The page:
LD&C Special Publication No. 8: The Art and Practice of Grammar Writing

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    (University of Hawai'i Press, 2014-12) Nakayama, Toshihide ; Rice, Keren
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    Corpus linguistic and documentary approaches in writing a grammar of a previously undescribed language
    (University of Hawai'i Press, 2014-12) Mosel, Ulrike
    Drawing on her experiences with writing a grammar in the course of the Teop language documentation project, the author explores how corpus linguistic methods can be employed for the analysis and description of a previously undescribed language. After giving a short introduction into the creation of a digital corpus and complex corpus search methods, the chapter focuses on the importance of creating a diversified corpus. It demonstrates that different text varieties such as spoken and written legends, procedural texts and descriptions of objects show different preferences for certain ways of expression and thus represent valuable resources for various grammatical phenomena. Accordingly, a grammar which is based on texts should account for this variation by incorporating a detailed description of the corpus, giving references and metadata for each example and providing information on the kind of contexts particular grammatical features are usually associated with.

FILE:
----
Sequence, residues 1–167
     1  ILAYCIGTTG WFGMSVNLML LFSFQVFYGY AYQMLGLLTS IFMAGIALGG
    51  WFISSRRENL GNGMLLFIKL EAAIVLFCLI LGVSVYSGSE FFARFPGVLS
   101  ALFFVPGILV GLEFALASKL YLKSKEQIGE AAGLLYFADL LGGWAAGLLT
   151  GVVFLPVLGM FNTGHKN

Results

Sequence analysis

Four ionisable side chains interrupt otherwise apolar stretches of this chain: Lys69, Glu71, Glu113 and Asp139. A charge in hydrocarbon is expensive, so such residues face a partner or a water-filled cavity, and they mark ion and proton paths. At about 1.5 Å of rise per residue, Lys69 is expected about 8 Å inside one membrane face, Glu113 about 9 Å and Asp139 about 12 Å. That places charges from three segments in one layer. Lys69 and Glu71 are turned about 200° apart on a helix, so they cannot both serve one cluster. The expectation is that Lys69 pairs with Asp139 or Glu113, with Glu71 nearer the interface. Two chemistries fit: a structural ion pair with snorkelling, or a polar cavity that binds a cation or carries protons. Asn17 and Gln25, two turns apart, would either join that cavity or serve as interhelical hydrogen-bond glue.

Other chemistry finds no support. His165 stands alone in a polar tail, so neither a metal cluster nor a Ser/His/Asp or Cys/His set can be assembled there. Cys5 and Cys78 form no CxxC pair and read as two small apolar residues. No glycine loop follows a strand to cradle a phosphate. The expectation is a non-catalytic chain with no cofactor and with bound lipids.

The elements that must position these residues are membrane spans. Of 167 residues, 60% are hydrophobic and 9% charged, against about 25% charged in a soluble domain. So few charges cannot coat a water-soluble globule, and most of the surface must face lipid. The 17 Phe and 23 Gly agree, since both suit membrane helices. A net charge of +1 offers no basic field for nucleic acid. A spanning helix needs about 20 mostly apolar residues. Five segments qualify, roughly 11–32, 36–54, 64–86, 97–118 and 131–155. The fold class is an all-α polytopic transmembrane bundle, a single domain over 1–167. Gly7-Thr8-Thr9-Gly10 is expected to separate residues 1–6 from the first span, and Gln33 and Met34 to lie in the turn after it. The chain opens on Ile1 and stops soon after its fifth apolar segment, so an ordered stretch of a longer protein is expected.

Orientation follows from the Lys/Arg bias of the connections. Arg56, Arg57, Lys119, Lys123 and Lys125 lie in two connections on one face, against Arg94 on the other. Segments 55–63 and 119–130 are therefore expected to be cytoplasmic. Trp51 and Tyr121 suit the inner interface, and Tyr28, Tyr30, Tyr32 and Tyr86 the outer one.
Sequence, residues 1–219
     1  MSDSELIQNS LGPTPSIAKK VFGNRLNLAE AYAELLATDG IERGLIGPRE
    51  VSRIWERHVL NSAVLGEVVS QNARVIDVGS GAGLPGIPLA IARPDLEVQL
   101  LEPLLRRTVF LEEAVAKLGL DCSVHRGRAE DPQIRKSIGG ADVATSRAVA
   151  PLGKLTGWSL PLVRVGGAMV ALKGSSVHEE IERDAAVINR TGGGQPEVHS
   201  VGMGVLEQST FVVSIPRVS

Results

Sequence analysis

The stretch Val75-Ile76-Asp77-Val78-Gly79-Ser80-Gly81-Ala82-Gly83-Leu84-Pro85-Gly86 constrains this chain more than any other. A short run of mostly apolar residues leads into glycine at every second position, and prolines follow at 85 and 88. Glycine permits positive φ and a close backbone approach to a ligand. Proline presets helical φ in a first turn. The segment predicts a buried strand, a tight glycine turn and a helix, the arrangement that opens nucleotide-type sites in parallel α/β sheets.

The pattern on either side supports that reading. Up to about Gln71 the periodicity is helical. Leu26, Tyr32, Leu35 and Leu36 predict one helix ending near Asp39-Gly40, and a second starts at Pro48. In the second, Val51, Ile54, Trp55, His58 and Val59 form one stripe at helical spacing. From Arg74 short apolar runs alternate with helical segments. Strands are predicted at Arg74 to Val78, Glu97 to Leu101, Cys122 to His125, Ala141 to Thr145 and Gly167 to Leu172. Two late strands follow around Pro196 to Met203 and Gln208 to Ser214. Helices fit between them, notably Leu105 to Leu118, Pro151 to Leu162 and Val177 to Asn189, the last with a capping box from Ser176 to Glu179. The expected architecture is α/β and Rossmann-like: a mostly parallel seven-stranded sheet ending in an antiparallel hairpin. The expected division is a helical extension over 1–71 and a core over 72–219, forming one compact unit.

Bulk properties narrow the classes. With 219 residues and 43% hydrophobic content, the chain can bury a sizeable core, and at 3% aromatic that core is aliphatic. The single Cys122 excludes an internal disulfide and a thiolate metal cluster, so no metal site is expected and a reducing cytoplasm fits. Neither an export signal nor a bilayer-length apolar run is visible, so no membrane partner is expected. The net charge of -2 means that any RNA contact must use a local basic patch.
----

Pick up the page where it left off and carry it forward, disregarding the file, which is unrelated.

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    Walking the line: Balancing description, argumentation and theory in academic grammar writing
    (University of Hawai'i Press, 2014-12) Genetti, Carol
    This chapter explores how to incorporate linguistic typology, argumentation, and theor- etical innovation into a reference grammar. It provides recommendations on how to produce a balanced grammar that is firmly grounded in theory, responsible to the unique structures of the language, and comprehensible now and over time. Linguistic typology provides a set of widely recognized linguistic categories used in the classification of grammatical patterns. These can be taken as starting points from which the structures of the language can be compared, contrasted, explored, and explained, profiling the unique shapes of language-particular categories. Argumentation for particular analyses provides clarification and explanation, although excessive argumentation can obscure descriptive facts. Simply asserting facts is appropriate for lower-level linguistic features, simple canonical structures, or uncontroversial elements or their functions. Argumentation is appropriate when structures differ from typologically-expected patterns, when the analysis counters descriptions in the literature, and in cases of multiple interpretations of a structure. Grammar writing immerses researchers in the structure of a language, revealing new vistas of understanding and novel ways of interpreting structure. Theoretically innov- ative analyses that reflect these insights can be incorporated as long as they are motivated, well-explained, and balanced by a typologically-informed descriptive base.